I am not one to bash the New York Times, but sometimes it seems to go out of the way to goad critics who insist it is anti-Israel.
Reporting the extremely sad news that its Middle East correspondent Anthony Shadid had died at 43 from an apparent asthma attack — while on covert assignment in Syria, no less — the Times concluded its obit with this example of Shadid’s “penchant for elegiac prose,” an account of an Israeli assault in Lebanon in 2006:
“Some suffering cannot be covered in words,” he wrote. “This had become my daily fare as reporter in the Middle East documenting war, its survivors and fatalities, and the many who seem a little of both. In the Lebanese town of Qana, where Israeli bombs caught their victims in the midst of a morning’s work, we saw the dead standing, sitting, looking around. The village, its voices and stories, plates and bowls, letters and words, its history, had been obliterated in a few extended moments that splintered a quiet morning.”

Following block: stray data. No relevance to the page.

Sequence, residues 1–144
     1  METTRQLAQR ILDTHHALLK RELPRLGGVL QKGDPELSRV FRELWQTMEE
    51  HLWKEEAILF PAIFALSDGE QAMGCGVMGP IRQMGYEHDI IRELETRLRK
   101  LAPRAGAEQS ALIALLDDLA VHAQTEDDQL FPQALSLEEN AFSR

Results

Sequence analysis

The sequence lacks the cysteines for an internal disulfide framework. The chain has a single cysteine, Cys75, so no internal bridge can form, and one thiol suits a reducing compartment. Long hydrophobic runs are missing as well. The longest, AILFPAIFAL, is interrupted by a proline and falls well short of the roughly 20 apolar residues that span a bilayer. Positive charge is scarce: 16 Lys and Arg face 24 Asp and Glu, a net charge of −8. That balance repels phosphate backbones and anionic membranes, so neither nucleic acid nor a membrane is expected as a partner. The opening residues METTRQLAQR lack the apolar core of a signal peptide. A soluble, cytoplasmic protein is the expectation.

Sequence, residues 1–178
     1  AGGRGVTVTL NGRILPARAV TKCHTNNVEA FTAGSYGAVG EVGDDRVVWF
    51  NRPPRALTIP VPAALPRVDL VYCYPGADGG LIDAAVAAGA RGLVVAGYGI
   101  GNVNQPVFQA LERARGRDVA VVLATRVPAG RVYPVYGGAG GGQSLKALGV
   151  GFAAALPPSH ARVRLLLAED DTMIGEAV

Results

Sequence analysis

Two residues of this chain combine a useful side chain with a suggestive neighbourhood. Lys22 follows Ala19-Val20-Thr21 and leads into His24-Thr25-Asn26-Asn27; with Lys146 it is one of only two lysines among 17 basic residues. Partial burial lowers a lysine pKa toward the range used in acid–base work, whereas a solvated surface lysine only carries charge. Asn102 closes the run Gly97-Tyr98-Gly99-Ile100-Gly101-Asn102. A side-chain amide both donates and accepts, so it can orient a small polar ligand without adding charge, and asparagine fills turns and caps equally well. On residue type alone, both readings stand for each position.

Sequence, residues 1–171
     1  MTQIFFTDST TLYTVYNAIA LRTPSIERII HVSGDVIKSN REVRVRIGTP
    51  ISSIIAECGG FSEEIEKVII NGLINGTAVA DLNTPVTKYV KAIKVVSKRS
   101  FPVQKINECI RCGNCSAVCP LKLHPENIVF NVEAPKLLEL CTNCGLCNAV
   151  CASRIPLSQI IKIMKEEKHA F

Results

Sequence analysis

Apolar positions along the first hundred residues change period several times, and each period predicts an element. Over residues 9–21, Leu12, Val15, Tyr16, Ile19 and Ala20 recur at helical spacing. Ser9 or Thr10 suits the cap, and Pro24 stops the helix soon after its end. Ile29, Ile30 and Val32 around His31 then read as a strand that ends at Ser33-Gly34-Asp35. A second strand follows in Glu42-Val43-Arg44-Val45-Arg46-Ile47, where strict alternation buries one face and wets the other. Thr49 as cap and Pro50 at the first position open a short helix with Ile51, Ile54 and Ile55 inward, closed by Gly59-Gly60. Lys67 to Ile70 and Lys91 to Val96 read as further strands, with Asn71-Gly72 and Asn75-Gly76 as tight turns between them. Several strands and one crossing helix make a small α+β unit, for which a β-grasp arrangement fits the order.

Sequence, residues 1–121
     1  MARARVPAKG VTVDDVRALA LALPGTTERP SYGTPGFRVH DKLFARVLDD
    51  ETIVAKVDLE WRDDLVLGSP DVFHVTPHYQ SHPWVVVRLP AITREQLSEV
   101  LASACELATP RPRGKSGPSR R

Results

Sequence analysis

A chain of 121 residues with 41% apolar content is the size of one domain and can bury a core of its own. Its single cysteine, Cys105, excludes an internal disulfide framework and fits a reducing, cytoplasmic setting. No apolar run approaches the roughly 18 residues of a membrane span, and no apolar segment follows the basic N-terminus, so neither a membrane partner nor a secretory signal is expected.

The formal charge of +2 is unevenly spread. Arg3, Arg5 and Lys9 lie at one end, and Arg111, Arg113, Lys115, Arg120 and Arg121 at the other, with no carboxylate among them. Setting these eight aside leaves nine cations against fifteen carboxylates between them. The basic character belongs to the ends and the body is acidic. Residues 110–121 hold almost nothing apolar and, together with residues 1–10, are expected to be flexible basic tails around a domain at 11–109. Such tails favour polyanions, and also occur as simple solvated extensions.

It’s a horrifying account, and I don’t doubt its veracity. Plus it comes from a forthcoming book, so it is timely. But it is either strange or telling that in an appreciation of a reporter who covered conflict throughout the Middle East, much of it Arab vs. Arab strife and civil war, the one example of his prose is an account of an Israeli attack on Arabs.